At the airport everything went smoothly. The line to check in at the Korean Air counter was very long, though. That was the only tough part. We made it through security easily, and on the secure side we made our way down the long corridor to the departure gate. We had about an hour to wait, so I left her there and went in search of a gift shop. There was a very fancy one, featuring exquisite products of Korean arts and culture, but they were somewhat expensive. Around the corner from that one, however, I found a more down to earth shop with some very nice, reasonably priced items. I spent about forty-five dollars in there and came away with three very nice gifts.
I hurried back down that long corridor again, to our departure gate. I knew she would be getting anxious for me to return. There was an excellent snack and coffee shop right at our gate, where I was able to get good fresh coffee and a sandwich for breakfast.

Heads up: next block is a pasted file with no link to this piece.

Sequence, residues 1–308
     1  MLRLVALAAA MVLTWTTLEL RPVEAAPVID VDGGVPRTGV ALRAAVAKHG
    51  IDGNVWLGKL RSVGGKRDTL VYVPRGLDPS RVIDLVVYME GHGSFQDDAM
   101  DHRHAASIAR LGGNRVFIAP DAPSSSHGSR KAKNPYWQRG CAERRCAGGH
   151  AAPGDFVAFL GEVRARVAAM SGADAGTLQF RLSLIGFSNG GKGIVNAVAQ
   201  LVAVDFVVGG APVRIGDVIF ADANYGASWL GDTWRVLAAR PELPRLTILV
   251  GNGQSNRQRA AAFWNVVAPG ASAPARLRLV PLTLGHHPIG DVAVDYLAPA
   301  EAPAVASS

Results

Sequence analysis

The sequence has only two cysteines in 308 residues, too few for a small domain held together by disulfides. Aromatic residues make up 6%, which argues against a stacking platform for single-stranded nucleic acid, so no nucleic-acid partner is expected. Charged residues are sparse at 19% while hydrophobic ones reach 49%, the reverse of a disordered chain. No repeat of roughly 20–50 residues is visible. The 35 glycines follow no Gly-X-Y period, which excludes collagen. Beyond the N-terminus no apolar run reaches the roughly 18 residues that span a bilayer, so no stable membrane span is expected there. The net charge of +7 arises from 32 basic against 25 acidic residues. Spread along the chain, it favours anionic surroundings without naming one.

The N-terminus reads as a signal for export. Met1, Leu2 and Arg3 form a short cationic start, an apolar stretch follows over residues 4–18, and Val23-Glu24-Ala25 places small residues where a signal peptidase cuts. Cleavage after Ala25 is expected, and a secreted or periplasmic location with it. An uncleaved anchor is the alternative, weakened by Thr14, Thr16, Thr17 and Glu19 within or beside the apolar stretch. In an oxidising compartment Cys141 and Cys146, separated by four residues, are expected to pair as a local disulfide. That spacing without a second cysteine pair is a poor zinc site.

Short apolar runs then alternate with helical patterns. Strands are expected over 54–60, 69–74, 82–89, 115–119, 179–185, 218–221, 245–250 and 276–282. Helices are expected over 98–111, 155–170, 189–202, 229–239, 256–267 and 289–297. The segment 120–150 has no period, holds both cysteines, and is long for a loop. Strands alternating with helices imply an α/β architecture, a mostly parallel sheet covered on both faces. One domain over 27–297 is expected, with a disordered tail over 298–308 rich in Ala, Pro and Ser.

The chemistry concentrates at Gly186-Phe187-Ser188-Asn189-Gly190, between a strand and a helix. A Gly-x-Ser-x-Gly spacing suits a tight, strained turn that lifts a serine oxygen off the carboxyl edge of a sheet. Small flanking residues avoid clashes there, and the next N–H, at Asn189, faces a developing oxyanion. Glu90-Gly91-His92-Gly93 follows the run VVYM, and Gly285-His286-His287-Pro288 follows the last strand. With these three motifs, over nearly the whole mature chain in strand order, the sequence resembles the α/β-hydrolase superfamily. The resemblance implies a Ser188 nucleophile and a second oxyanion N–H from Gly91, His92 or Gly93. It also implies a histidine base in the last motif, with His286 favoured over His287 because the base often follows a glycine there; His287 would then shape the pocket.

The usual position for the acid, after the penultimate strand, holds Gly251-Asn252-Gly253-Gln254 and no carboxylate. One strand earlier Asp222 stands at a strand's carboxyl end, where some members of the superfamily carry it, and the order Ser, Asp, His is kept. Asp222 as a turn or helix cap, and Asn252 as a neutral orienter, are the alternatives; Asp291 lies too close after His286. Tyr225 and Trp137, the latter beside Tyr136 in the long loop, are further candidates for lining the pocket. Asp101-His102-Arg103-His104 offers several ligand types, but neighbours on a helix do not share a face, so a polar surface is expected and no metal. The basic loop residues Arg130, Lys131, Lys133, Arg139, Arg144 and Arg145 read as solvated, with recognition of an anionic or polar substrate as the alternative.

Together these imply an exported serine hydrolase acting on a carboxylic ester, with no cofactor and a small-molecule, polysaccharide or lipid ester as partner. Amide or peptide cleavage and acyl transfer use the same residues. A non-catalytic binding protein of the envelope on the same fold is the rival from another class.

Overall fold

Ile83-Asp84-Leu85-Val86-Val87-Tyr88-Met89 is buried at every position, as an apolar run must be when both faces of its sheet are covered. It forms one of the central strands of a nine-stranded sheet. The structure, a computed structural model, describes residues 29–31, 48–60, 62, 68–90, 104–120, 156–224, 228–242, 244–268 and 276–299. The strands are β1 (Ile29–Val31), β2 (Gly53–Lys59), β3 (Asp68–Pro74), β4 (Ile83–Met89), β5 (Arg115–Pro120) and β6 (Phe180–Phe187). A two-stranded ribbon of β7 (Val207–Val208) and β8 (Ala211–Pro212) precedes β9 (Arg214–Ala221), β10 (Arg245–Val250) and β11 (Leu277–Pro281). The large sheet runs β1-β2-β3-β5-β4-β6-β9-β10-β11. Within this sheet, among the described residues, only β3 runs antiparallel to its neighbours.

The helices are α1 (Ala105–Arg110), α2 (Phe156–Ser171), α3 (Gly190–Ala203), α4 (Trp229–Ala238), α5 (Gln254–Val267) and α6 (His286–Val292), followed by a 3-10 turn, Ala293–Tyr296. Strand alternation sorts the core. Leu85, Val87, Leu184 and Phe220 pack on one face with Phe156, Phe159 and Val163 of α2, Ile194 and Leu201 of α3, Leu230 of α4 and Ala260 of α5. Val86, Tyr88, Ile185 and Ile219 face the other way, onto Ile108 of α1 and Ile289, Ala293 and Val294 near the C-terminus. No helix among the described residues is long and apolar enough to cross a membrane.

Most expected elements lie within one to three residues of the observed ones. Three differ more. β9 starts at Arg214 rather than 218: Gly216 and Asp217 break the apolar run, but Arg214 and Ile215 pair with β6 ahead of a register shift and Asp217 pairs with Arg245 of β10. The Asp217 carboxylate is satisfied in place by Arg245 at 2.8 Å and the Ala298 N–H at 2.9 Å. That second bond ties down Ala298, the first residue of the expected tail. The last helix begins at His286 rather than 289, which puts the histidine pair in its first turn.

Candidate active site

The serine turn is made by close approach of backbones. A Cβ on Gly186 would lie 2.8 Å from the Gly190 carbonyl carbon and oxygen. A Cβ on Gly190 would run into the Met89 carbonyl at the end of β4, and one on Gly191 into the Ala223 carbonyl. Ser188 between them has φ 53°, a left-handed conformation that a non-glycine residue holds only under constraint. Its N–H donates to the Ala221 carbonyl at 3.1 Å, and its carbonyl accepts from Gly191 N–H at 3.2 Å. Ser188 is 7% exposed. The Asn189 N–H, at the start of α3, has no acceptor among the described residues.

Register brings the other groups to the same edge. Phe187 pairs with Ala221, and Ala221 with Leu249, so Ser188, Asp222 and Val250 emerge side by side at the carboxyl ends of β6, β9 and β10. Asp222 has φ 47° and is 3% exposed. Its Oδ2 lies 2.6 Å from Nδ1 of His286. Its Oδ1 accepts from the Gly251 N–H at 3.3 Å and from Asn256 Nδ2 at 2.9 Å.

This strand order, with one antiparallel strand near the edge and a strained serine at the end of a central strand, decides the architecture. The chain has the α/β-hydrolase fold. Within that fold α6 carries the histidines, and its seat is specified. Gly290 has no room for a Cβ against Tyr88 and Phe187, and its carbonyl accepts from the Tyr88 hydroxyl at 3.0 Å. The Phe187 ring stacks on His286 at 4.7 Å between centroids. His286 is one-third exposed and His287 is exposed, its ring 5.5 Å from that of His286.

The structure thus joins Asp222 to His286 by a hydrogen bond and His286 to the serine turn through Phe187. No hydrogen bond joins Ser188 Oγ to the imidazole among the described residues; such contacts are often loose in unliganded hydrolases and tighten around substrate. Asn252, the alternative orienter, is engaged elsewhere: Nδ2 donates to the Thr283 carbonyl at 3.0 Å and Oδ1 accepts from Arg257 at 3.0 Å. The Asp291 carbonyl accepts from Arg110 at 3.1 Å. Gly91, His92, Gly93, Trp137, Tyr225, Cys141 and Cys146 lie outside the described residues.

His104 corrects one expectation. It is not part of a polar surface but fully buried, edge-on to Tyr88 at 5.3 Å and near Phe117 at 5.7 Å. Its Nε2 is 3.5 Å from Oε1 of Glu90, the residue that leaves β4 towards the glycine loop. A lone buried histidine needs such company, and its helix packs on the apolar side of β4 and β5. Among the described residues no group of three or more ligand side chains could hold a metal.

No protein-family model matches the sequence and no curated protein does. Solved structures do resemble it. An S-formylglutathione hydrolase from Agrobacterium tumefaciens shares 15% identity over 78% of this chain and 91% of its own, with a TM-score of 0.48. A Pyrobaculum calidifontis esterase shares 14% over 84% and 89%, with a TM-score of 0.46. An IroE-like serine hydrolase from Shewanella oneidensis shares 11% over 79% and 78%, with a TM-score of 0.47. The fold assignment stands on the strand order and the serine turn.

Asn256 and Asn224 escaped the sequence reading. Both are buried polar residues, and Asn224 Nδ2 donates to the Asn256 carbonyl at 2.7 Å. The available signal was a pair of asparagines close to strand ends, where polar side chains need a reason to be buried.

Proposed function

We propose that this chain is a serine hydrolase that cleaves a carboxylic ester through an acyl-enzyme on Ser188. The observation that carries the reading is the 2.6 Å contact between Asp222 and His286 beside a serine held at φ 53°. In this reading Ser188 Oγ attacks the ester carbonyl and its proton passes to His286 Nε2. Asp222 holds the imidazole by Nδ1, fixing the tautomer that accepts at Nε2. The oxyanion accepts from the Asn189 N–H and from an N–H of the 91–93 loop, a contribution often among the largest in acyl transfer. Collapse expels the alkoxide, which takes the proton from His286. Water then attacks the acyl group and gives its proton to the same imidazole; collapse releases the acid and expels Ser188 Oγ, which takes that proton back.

A short while later the call for boarding began. As we headed out the walkway to the aircraft, there was one final security check just before stepping aboard. This one was quite thorough. They wanted to actually look inside every one's carry on bags. Finally aboard, there was one final hurdle, the jostling for space in the overhead bins. We settled into our seats, and could relax at last for the long thirteen hour flight back home.
Slide Show: http://s594.photobucket.com/albums/tt23/allenhare/Korea%2010/The%20Journey%20Home/?albumview=slideshow
Sunday, June 6, 2010
Our trip is winding down, and we are thinking about preparing for the journey home. We spent these two days not doing much. Both days we went into town on the 12:15 bus, just to get out of the house, and do a little light shopping.